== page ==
Re: Why splitting HTML5 into several specs has failed to work (Was: Request for clarification on HTML 5 publication status)

Ian Hickson wrote:
> On Thu, 29 Nov 2007, Sam Ruby wrote:
>> Why is "the" (as in one and only) specification the only document in 
>> which this information can make it onto a W3C site?  I've seen several 
>> specifications which are spread across volumes.  Can't different volume 
>> in a series be in different states at any given time?
> There are a few reasons, but primarily the parts are too interconnected. 
> (For example, the offline stuff has to integrate with the navigation stuff 
> and the parsing stuff, which has to integrate with the scripting stuff, 
> and soon enough you've brought in most of the current spec.)

Care to elaborate?

 From a quick scan of the current draft, the only occurrences of the 
word "offline" are in section 4.6.  I have no problem believing that 
that section would depend on navigation, parsing, and scripting stuff; 
what I am curious to see to what extent the reverse is true.

> There's also the lack of resources. There is such a high overhead to 
> editing a spec that the cost of editing two specs of size x is actually 
> higher than the cost of editing one spec of size 2x. This wouldn't be 
> necessarily a big problem if we had editors, but we don't -- we are 
> already desperately short on editors to work on CSS3, setTimeout, Web DOM 
> Core, CSSOM, DOM3 Events, Keyboard Events, a 3D Canvas API, etc. If we 
> suddenly magically had ten fulltime experienced Web specification editors 
> volunteer tomorrow, we _still_ would be short on editing resources.

Not all of those items are equal.  Let me take two from your list, 
hopefully identifying extremes: setTimeout and 3D Canvas API.

I agree that splitting setTimeout would increase the overall workload. 
Furthermore, I see it as entirely possible that it would not only 
increase the entire workload of the working group, but that it could 
also lead to increasing the workload for the people working on the base 
document.  The second statement is not necessarily true, but is enough 
of a possibility that the very idea of splitting this out deserves to be 

I also agree that splitting a 3D Canvas API out would increase the 
overall workload.  However, I see it as extremely unlikely that doing 
such would result in a net increase in the workload of the editors 
working on the base document.  I've got experience in working in 
all-volunteer contexts, and from my experience: that's a good tradeoff.

Furthermore, there is another key difference between these two.  If 
setTimeout isn't spec'ed, that's an indication that the spec isn't 
complete.  If a 3D Canvas API isn't spec'ed, that's an indication that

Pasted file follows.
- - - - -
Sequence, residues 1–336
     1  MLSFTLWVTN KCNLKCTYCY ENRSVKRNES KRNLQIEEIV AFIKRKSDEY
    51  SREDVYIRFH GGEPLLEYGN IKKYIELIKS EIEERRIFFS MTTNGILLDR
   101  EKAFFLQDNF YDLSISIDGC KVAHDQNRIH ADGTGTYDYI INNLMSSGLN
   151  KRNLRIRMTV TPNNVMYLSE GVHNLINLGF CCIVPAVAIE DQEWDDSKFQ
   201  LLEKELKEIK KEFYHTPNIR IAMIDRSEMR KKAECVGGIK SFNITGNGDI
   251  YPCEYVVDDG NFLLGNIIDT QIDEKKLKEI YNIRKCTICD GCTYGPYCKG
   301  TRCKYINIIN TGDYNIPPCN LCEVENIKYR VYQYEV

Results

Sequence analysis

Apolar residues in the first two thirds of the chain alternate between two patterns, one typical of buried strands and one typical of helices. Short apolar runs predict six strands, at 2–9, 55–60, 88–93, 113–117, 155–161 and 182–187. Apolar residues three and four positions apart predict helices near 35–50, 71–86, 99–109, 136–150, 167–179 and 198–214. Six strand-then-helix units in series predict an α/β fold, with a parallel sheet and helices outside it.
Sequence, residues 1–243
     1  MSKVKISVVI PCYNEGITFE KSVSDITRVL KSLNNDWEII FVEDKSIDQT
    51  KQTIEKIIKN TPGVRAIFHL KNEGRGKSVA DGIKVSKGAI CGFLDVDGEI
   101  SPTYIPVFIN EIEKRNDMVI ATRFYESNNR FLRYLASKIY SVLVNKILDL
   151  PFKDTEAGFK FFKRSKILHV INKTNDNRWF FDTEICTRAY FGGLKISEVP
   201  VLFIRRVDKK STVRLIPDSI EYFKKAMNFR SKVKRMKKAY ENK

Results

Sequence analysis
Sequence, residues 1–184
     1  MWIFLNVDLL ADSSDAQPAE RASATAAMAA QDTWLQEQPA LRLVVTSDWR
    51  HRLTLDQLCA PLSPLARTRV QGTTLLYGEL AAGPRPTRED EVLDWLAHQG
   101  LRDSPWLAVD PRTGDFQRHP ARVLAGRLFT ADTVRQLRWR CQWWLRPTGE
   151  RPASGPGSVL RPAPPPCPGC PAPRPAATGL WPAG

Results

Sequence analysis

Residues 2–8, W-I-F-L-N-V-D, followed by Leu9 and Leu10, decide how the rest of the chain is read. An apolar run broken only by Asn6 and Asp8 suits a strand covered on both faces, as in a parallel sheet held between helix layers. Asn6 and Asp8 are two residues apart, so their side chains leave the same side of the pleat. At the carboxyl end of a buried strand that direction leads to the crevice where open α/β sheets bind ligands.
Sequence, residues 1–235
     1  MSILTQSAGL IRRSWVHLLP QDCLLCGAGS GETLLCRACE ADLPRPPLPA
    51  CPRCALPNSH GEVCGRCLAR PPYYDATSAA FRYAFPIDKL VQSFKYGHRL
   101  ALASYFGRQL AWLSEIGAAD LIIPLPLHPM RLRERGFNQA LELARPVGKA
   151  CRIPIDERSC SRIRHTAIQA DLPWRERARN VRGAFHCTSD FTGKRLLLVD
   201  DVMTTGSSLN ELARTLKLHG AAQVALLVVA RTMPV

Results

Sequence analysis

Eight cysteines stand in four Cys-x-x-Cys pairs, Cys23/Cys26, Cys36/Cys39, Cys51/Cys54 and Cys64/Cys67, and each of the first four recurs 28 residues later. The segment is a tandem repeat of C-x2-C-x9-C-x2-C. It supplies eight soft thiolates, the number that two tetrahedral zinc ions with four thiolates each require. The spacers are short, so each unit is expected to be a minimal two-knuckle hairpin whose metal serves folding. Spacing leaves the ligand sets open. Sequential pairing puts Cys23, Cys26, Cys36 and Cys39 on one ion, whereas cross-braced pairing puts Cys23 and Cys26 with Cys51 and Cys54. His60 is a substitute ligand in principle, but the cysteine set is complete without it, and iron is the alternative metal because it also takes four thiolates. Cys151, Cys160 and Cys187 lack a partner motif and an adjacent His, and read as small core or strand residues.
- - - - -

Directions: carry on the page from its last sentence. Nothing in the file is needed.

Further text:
that features is ready for standardization.

Now, before the above paragraph is misconstrued as me being "against" a 
3D Canvas API, as has recently has occurred, let me make two things 
clear: it seems plainly obvious to me that there is considerable support 
for a 3D Canvas API, enough so that it would surprise me greatly if 
nobody stepped forward to help out.  And secondly, I believe that 
creating a viable ecosystem for extensions doesn't curtail innovation, 
it enables it.  "Centrally designed protocols start out strong and 
improve logarithmically. Evolvable protocols start out weak and improve 
exponentially. It's dinosaurs vs. mammals, and the mammals win every 
time." --

> So far we've tried taking four things out of HTML5. We have one success 
> story, XMLHttpRequest. The Window interface was taken out, put into its 
> own spec, and neglected to the point where it was blocking work on HTML5 
> and I had to reinclude it (a lot of work), setTimeout was taken out and 
> had nowhere to go so it's been rotting in a section at the end of HTML5, 
> and the alternative style sheet selection API was taken out of HTML5 and 
> moved to CSSOM where it is currently dying of neglect as well. (setTimeout 
> and the alternative stylesheet stuff may have to be brought back into 
> HTML5 so that we can at least get interop on these features, even if this 
> isn't the ideal place for them.)
> I agree whole heartedly that it would be great if we could just have a 
> bunch of tiny specs that are self-contained and well maintained. In 
> practice, though, this hasn't worked. I truly wish it would.

With such a small sample size, the only thing you can reasonably 
determine here is that these samples were not suitable for splitting out.

Also, with open source projects, you don't attract developers by 
defining tasks that nobody wants to work on and ask for volunteers.  I 
suspect that the same thing applies here.

- Sam Ruby

Received on Friday, 30 November 2007 15:38:55 UTC